World / Reporter's Journal

Four-man art show demonstrates the power of friendship

By Chang Jun (China Daily USA) Updated: 2015-10-20 06:03
"Now what shall we call this new sort of gazing-house that has opened in our town where people sit quietly and pour out their glancing like light, like answering?" wrote the 13th century mystic Persian poet Jelaluddin Rumi in his poem entitled No Room for Form.

A new exhibit of works by four diverse artists at the San Francisco International Art Center borrows its name from Rumi’s poem, and offers images and connections that are just as wonderful and mysterious as the question posed. Aside from creating dazzling work, all four artists have another thing in common —a strong affinity to Chinese tradition.

Four-man art show demonstrates the power of friendship

Artists Ming Ren, Fred Martin, David Frazer and Jeremy Morgan are all established contemporary painters and recipients of multiple national and international awards.

Xiao Xiayong, cultural counselor at the Chinese consulate general in San Francisco, said the most fantastic thing about the exhibition, to him, was to see how Ming Ren, who was originally from China, could develop his artistic style in the US by combining traditional Chinese painting styles with modern Western expressionism. And how the other three painters, all professors educated in the West, were attracted by Chinese culture and could express it in their work.

Just last year, Fred Martin, in his late 80s, traveled with his 93-year-old wife to China to keep himself abreast of the latest developments and trends in China’s art world. His work explores the complexities of natural geometric and fluid forms.

A distinguished teacher and academician, Martin has served as the academic dean and professor of drawing and painting at the San Francisco Art Institute besides serving as director of exhibitions at the San Francisco Art Institute.

David Frazer has taught at the Rhode Island School of Design (RISD) since 1978 and served as chairman of the painting department there. His paintings tend to be muted in color, but still active in composition and form. Fazer has exhibited nationally and internationally in Italy, South Korea, the Netherlands and China. He has travelled extensively in East Asia, immersing himself in the traditions of Zen Buddhism and Chinese philosophy.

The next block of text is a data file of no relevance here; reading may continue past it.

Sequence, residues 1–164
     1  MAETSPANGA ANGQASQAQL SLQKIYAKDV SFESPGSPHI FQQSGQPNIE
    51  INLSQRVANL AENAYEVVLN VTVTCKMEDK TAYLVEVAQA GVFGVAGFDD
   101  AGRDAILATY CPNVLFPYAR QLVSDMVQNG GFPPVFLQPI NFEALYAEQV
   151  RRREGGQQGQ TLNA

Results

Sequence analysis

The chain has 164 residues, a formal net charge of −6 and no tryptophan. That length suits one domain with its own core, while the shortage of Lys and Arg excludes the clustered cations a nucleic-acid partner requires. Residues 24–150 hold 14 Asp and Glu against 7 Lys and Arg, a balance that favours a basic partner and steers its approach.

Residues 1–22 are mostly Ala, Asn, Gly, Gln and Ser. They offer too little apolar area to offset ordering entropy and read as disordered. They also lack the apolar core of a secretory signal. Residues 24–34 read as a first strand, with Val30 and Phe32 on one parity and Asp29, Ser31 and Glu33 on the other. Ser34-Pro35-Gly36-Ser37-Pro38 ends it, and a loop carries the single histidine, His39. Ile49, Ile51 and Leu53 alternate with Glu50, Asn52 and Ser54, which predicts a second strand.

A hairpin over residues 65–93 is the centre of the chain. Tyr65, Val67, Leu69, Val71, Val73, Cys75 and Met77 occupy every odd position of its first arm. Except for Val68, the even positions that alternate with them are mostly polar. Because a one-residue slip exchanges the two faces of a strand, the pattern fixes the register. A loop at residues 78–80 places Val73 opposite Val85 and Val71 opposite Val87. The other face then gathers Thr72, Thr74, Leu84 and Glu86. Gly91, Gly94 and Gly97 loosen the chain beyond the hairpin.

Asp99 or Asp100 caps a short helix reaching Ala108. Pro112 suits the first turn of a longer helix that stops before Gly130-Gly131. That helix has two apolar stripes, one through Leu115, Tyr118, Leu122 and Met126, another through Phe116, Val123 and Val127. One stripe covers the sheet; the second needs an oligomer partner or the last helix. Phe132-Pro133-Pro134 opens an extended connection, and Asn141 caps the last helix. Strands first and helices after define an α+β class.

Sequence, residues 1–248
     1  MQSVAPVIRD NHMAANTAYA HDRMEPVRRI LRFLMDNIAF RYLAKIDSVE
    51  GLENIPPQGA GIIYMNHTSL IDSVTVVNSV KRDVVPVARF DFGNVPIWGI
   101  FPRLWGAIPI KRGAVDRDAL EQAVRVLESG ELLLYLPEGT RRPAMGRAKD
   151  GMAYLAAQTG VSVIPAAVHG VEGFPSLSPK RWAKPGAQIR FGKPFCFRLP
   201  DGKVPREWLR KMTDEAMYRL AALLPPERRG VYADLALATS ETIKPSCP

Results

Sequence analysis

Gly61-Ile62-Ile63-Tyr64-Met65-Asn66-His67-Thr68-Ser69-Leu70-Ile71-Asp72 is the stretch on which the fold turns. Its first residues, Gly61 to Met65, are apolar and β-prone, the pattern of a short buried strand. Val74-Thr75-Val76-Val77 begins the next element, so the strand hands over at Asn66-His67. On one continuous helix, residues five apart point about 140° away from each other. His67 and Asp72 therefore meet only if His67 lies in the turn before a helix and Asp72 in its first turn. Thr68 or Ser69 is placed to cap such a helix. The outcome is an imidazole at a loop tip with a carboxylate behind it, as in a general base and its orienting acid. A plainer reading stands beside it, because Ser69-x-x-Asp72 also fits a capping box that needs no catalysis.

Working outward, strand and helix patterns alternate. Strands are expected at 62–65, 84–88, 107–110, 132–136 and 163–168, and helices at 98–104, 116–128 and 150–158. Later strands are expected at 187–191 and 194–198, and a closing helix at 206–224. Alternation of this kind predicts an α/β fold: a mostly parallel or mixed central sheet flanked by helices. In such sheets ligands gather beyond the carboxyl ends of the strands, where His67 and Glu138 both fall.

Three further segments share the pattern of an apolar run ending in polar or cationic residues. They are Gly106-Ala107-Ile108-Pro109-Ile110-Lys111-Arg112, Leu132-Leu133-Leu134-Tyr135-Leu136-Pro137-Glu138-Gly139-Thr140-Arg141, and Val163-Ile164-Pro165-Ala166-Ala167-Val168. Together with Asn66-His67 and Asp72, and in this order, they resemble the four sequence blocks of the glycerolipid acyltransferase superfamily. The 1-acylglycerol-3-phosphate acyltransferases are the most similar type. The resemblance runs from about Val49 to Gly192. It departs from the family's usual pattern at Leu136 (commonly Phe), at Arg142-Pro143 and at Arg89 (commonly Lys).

Jeremy Morgan keeps exploring ways to fuse his abstract approach with Chinese Shan Shui (landscape) style. Since the 1980s, he has made roughly 20 trips to China which have had a profound influence on his work. His paintings echo the blurring and transparent edges of traditional Shan Shui, or “mountains and rivers” paintings with acrylics. Educated at the Royal Academy in the UK, Morgan was also influenced by the American landscape painters of the 17th through 19th century.

Ming Ren, a lecturer at RISD and consultant on China at both the San Francisco Art Institute and the California College of the Arts, demonstrates his deep roots in Chinese ink and brush painting through his early works.

In his more recent work, however, Ren achieves a geologic sensibility through the pouring of his paints, twisting of the wet rice papers and the chance movement and absorption of colors in them.

"Obviously, there is a strong influence from the Western abstract styles," said Wu Junkai, president of the art center.

Cultural interaction does not simply mean exchanging artistic techniques, it should be a deep understanding of people different from our own and inspire a new way of looking at the world, said counselor Xiao.

The result seems obvious in this exhibition, and answers poet Rumi’s question about what shall we call this new sort of "house", where, through mutual admiration, people from around the world, regardless of their background or ethnicity, are able to communicate in one language — it’s called friendship.

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